The Oakland A’s will NOT be moving to San Jose, thanks to the Supreme Court
It’s a situation that has been talked about for the last 15 years, the idea that the Oakland Athletics will move to San Jose – or anywhere else for that matter.
Moving the Oakland Athletics has been the subject of conversation since 2001. For some reason no one can seem to figure it out. Former MLB commissioner Bug Selig said he would have a plan in place by the time of his retirement in January 2015, and new commissioner Rob Manfred has said that he is making a new stadium or, well, anything at this point for the team a top priority.
On Monday, the Supreme Court officially put to rest any idea that the Athletics will ever move to San Jose. You must be wondering, “why does the Supreme Court care, and how could this issue possibly get all the way there?”
It’s a solid question; it never should have. The San Francisco Giants own the territory in San Jose. San Jose first sued Major League Baseball back in 2013 (although as previously noted, this has been an issue since 2001), arguing that baseball teams should have the same rights as other pro sports franchises to relocate wherever and whenever they like.
Back in February, Mike Rosenberg of the San Jose Mercury News wrote, “The city has already suffered strike 1 (a U.S. district judge ruled against San Jose in 2013) and strike 2 (the 9th U.S. Circuit Court of Appeals also ruled in favor of MLB in January) leaving the Supreme Court as the city’s only remaining option.”
So the city of San Jose is going to move on (we can only hope, but they seem to keep trying even when there is no where else to go). Many legal experts assumed with a great deal of certainty that this would be the outcome should San Jose go to the Supreme Court, but the city did so anyway.
The truth of the matter is, and everyone knows it, that they best place for the Oakland A’s is, well, in Oakland. This story has been written and told one hundred times over the past 15 years, but with San Jose finally out of the picture, perhaps the talking may stop and action may finally begin.
The Coliseum was once a lovely place to watch a baseball game, but with the return of the Raiders and the building of Mt. Davis that blocks the view of the Oakland Hills, things really began to go downhill for the stadium. Being below sea-level but next to the shore of the San Francisco Bay, the Coliseum, built in 1968, has sewage problems, it’s pretty view is gone and even former commissioner Selig called it “a pit.”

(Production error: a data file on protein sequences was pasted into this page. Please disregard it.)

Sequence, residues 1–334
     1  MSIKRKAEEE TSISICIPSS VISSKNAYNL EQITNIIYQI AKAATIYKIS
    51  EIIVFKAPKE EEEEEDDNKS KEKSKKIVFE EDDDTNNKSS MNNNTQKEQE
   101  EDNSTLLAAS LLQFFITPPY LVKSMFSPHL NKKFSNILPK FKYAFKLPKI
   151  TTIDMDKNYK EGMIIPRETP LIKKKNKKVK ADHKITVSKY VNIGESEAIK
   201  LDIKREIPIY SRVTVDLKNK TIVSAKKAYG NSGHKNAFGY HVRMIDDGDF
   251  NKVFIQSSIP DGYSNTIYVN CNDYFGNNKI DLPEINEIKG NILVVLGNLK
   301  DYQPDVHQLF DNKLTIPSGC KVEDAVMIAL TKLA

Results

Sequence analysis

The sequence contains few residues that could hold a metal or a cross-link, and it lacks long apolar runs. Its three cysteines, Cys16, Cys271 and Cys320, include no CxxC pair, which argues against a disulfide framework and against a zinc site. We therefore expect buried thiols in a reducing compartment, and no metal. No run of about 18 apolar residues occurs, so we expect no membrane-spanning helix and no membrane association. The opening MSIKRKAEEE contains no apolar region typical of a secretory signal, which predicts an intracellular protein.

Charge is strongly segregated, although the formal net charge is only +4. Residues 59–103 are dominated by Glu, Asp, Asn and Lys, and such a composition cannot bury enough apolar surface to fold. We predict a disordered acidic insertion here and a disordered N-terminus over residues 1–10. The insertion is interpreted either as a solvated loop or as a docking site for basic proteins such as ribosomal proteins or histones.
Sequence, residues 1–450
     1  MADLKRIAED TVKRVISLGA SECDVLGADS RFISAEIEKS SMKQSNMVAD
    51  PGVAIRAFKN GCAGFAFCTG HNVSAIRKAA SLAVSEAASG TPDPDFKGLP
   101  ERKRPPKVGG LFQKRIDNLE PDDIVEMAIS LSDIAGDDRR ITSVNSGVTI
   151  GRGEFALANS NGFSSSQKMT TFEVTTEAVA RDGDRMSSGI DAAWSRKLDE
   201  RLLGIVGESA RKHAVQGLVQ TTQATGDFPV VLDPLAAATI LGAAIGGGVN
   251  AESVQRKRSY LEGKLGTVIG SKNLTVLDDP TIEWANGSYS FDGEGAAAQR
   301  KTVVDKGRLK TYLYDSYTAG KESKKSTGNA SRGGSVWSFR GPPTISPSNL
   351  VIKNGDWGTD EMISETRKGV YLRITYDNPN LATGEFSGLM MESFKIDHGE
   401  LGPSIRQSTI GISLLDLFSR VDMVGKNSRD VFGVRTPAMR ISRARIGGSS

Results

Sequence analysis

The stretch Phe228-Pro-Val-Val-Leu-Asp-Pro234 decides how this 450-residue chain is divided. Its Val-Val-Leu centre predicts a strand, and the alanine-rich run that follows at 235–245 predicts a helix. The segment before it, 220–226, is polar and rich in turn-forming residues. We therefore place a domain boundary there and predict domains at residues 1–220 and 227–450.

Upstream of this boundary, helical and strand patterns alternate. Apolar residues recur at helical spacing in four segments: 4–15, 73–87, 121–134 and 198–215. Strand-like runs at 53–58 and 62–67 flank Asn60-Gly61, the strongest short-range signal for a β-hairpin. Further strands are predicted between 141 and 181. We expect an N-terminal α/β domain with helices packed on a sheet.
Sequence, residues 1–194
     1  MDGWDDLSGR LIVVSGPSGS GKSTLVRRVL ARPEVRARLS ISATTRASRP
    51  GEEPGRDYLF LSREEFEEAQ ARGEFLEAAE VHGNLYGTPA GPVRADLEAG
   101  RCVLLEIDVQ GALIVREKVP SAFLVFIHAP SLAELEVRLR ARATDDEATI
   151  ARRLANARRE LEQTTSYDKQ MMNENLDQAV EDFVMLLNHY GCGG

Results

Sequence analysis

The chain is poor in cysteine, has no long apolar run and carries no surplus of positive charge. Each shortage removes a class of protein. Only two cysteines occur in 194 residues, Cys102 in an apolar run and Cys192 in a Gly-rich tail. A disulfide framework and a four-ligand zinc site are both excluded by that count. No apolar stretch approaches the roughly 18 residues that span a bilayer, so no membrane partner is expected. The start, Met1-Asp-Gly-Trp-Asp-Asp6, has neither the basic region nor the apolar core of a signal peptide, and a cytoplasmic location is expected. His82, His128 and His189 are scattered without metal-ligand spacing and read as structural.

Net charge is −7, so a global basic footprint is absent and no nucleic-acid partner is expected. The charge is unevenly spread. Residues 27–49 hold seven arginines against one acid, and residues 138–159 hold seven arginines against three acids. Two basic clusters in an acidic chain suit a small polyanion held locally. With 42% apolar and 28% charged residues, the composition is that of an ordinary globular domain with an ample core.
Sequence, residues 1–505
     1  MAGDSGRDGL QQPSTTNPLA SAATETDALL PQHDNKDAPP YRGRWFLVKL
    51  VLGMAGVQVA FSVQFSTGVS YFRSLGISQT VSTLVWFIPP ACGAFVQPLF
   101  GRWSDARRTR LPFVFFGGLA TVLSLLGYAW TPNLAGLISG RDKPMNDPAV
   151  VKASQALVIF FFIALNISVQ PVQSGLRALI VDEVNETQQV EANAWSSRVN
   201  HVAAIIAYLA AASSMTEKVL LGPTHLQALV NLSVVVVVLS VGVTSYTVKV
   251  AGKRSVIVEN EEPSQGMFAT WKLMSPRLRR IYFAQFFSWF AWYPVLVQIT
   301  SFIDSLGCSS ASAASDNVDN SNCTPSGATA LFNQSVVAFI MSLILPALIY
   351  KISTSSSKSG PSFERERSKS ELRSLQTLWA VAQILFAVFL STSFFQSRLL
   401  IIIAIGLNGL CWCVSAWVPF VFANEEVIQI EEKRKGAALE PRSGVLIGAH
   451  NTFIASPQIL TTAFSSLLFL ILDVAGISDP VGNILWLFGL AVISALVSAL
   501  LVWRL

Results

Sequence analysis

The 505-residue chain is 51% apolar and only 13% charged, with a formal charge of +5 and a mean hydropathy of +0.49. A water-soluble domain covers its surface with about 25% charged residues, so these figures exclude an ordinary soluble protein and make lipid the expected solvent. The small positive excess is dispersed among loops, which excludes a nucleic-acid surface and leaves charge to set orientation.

The place is home to many fans, myself included, who don’t mind the little problems that make the Coliseum the Coliseum. However, even we know that in reality, something has to change if we want our team to remain where it belongs. It’s time to simply tear it down and build a new stadium on the spot.
The A’s are also the only team left in Major League Baseball that shares a stadium with a football team. There have been rumors of the Oakland Raiders moving to Los Angeles or elsewhere, but in the meantime, why not negotiate with Jed York, who just built the San Francisco 49ers a new stadium in Santa Clara? A marriage between the Niners and Raiders would work just as well as the New York Jets and New York Giants have in New Jersey.
The A’s could finally not be an afterthought; they could have a privately-financed baseball-only stadium in the same place their stadium stands today. That’s something everyone, at least in the East Bay, has said all along. In fact, a study, done way back in 2001, has said that the best place for a ballpark for the A’s would be in Oakland.
Oakland Mayor Libby Schaff is fighting to keep the A’s in Oakland and has been in talks with A’s owners Lew Wolff and John Fisher about either refurbishing the Coliseum or building a new ballpark in its place.
However, funding the new ballpark is another issue. Wolff and Fischer don’t want to fund it, but they may be softening. A new Coliseum would bring much-needed new jobs and opportunities to the City of Oakland. It would benefit everyone for the A’s to stAy (as you will often see it written on signs around O.Co Coliseum) – it benefits the fans and city and preserves the rich history of the a team that has won four World Series since 1968, winning three straight from 1972-1974 and sweeping their rivals from across the bay in 1989.
The Oakland A’s have also had some of the greatest players in MLB history, from Catfish Hunter to Rollie Fingers to Dennis Eckersley to the arguably the best lead-off hitter of all-time in Rickey Henderson (and that is just to name a few).
Now that San Jose is finally out of the picture, commissioner Manfred has said that he hopes that the focus will now be put on building a ballpark in Oakland, which is great news…but his predecessor said something similar and we are all still waiting. There is really no telling when Oakland will get a new stadium, but at least now there is one less obstacle in its way and the overall consensus is that they best place for the Oakland Athletics is just where they are – in Oakland.